Artist & Author

Clearinghouse Publishers: “Content Management”

“Content Management” (2010), issue #2 of “Clearinghouse Publishers” with accompanying letter:

“Dear Subscriber:

We hope and trust that you enjoyed your first issue from Clearinghouse Publishers. “Once I Started Talking to the World I Found I Had a Lot to Say” lacked only perforation marks to prove its usefulness as a collection of action words. Everyone knows someone who needs to not only hear, but see the words “Dump the Jerk” in 112 point sans-serif caps, even if that someone is you yourself. Lawrence Weiner has some things to learn from Tony Robbins.

Every bookstore, newsstand, and home in America is filled with non-action words, with the self-satisfied musings and digressions of the human mind. A mind which, when confronted with problems (as in something to solve, not just something to grouse about) is usually content to frame, categorize, itemize, and organize the components of the problem into a neat structure, rather than strike out into the world to wrestle the problem, alligator-like.

“Once I Started…” is a rough attempt to reverse what we all, as pale intellectuals, do every day. There is a flood somewhere in the world, and people are knee-deep in it, actually and really. Our reaction is to take photographs of it, to write columns about it, and to pass legislation about it. The columns and photos are then passed on to the layout department, who choose the right colors and fonts, and intersperse it with ads for the latest bestseller by an upper middle class college graduate’s spiritual journey through the very lands that are now underwater. (Tellingly, when an American wants to go Buddhist, she will go buy books and a yoga mat and blog about her “experience,” rather than simply squatting down in the dirt and doing the work of erasing the self.)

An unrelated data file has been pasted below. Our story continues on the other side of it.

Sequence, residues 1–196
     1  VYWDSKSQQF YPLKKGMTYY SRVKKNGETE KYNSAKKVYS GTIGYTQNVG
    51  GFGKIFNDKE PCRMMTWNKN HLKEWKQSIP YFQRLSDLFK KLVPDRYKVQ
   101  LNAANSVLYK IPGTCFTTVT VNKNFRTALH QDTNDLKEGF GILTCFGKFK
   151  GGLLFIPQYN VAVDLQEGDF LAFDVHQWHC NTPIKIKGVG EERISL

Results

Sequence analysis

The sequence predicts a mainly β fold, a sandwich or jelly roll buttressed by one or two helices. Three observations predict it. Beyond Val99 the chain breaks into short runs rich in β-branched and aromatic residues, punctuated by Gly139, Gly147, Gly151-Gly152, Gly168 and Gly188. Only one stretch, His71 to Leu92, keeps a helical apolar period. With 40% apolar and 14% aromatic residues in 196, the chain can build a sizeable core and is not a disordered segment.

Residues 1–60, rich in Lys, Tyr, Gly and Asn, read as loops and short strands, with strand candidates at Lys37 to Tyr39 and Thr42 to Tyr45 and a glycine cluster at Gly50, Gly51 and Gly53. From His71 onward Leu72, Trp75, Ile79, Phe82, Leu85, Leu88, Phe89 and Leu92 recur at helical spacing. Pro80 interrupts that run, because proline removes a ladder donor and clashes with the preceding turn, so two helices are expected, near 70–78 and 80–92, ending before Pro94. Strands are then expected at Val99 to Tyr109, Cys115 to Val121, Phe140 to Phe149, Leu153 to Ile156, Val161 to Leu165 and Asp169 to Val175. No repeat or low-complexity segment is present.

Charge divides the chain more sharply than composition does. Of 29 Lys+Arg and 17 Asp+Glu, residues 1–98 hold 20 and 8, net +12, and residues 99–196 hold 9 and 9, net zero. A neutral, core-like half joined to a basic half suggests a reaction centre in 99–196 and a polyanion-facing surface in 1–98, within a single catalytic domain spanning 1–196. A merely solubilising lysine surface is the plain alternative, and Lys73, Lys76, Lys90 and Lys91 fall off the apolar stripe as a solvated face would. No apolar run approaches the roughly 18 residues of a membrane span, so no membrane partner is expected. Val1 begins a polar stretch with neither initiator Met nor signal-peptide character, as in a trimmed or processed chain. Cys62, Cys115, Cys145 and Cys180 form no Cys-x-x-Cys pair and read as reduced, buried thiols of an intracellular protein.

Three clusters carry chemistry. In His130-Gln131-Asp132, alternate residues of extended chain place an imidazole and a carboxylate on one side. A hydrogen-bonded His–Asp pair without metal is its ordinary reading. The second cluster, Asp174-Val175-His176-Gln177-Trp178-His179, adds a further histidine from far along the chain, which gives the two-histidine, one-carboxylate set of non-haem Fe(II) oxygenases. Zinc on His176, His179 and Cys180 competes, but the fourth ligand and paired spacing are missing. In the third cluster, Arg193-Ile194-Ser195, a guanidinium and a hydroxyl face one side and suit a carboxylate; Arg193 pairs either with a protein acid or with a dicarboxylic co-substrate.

We at Clearinghouse embrace action words as a translation of abstraction into action. It is not enough, either practically or artistically, to simply frame the most elegant re-statement of the real. And so this second issue, “Content Management,” is a continuation of our attempt to deal with this rational diarrhoea, the tendency to produce content, rather than to physically re-organize the world. For this issue, the old artistic products of our contributors have been chopped and cropped, folded and molded, and, crucially, sent away, in the faint hope that some of the poorly-expressed and rough thoughts contained therein might spark the most minute human interaction with our readers. (Yes, laughing counts.) There is nothing we the editors enjoy less than to be ensconced in stacks of dead ideas. Perhaps it is the case that ideas have expiration dates, beyond which they are not a help but a hindrance.

Some of our readers may spy the irony—and therein the kernel—of “Content Management”: that the magazine is but the residue of a process, the forceful answer to the question we’ve been asking ourselves, namely “What do you do all day?” The answer being “We suspend production of things made to last in exchange for processing culture the way water processes stone in the making of a canyon” and not “We erect headstones for ideas and feelings that are transitory and meant to be one movement in an evolving process, thereby extracting their purpose and pulling them from the game, taking them off the field.”

And so on and so on.

Dan Nelson, editor”

[There was little to no response to these first two issues. Only later did I find that the reactions of a couple of the recipients amounted to disgust that I was sending them “a bunch of junk that had been sitting on my desk.” While this was factual, they failed to see many things that I thought they would see: humor (god forbid); the implication that we allow junk to enter our consciousness every day in the form of magazines, books, websites, etc. and to wonder how art was different from this “stuff”; potentially useful material within all the “content.”]

“Content Management” (2010), issue #2 of Clearinghouse Publishers with accompanying letter.